HERSHEY, Pa. – Forward Nathan Walker came to the podium missing a tooth and with a busted lip, evidence of the high-stick he took in Tuesday’s playoff game between the Hershey Bears and Charlotte Checkers. The penalty drew a double-minor and Walker, who plays on Hershey’s power play, was right back on the ice after the team trainer managed to stop the bleeding.

“It's the playoffs,” Walker said. “I would do anything for anyone in that room, I'd play for anyone. At the end of the day, we all want to win and I think in order for everyone to win on this team, we all have to buy in, which everyone is. It's just the way it is. You get high-sticked, who cares? You're going to go back out there and play.”

Walker plays the game with the same sort of persistence and tenaciousness as he showed by getting back onto the ice. He is relentless around the puck, battling with any player who stands between him and gaining possession. Though not the Bears’ best offensive player by any means, there never seemed to be a moment that Charlotte could let its guard down when Walker was on the ice because of his sheer determination to battle for and win the puck.

That determination was rewarded as he scored the Bears’ only goal of the game. He battled for position in the front of the net and got his stick down on the ice to redirect a pass.


“He's a gritty player, gets high-sticked, he's bleeding everywhere and he's right back out there, scores a big goal for us to get up in that period,” Hershey head coach Spencer Carbery said. “So yeah, those are the things that are his identity and what he does.”

Those type of qualities seem well-suited for a fourth-line role in the NHL and the Capitals may just be in the market for a fourth-line player this offseason given the team’s salary cap constraints.

With Carl Hagelin, Brett Connolly and Devante Smith-Pelly becoming unrestricted free agents and Andre Burakovsky, Jakub Vrana, Chandler Stephenson and Dmitrij Jaskin all restricted free agents, there is going to be roster turnover in the summer. Washington does not have the money to keep all of those players, but still must find a way to replace them all for next season. A player like Walker could be a cheap alternative to add to the fourth line.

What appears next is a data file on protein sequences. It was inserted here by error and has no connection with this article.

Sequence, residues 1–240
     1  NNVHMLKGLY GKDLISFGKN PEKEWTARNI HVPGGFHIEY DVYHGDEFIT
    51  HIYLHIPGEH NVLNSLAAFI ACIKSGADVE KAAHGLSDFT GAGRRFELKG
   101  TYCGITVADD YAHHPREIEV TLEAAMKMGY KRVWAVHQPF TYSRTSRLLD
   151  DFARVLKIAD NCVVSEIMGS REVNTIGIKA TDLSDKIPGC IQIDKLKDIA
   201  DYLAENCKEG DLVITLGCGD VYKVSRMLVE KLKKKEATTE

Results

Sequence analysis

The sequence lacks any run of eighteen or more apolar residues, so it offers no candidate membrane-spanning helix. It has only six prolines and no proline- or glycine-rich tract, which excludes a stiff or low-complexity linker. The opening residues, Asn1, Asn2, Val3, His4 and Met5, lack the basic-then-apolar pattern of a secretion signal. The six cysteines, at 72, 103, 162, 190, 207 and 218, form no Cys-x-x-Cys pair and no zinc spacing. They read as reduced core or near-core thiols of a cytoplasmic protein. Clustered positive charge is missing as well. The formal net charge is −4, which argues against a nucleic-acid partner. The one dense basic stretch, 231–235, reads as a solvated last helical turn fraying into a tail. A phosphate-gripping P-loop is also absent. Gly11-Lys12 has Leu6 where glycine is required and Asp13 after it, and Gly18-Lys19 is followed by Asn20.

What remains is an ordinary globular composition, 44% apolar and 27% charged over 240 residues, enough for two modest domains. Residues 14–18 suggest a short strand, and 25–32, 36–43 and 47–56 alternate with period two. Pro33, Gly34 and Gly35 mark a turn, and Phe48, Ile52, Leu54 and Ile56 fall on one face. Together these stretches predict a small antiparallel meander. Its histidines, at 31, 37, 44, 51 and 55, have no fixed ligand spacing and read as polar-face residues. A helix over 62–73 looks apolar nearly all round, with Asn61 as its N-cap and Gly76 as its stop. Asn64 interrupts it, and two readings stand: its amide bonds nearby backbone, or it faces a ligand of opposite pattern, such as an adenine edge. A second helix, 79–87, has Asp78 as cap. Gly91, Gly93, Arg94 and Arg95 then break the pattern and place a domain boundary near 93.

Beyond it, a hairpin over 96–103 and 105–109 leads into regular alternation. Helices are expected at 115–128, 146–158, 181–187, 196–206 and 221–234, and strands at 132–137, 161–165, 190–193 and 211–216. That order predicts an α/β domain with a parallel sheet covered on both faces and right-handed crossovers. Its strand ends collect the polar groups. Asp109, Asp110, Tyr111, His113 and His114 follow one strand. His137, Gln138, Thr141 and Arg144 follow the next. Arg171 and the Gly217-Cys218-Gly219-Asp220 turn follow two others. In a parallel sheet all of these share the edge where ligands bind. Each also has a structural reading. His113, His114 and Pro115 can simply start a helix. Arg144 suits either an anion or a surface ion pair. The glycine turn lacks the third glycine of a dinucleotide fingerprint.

There are some possible issues, however, the most obvious of which is the fact that Walker is set to become a UFA and may not even be with the Capitals organization next season. Riley Barber is also set to become a UFA and is not shy about the fact that he is ready to move on from an organization that he feels has given him little chance to prove himself at the NHL level. After six seasons in Hershey with only 11 total NHL games during that time, you could see Walker perhaps harboring the same feelings.

“I think if you're going to ask any hockey player in the world if they're not playing in the NHL, obviously you want to be,” Walker said. “That's where everyone wants to be. It is what it is.”

When asked, however, Walker indicated he was happy with the organization and would be open to re-signing with Washington.

“Yeah, definitely,” he said. “They've always been good to me and I've found a second home [in Hershey] pretty much. This is my sixth year with the organization now. They've treated me well.”

There are certainly some physical limitations Washington would have to consider before giving Walker an NHL role. At only 5 feet 8 inches and 179 pounds, Walker is very undersized. His style of play can also get him into trouble as he can get caught out of position chasing the puck leading to defensive breakdowns or forced penalties.

If the Caps re-sign Walker, with so many questions about his game he would certainly have to earn his spot on the NHL roster. But the salary cap being what it is, Washington is going to have to find cheap options to bolster its lineup. Based on how he looked in the AHL this season, the Caps could do worse than a player like Walker.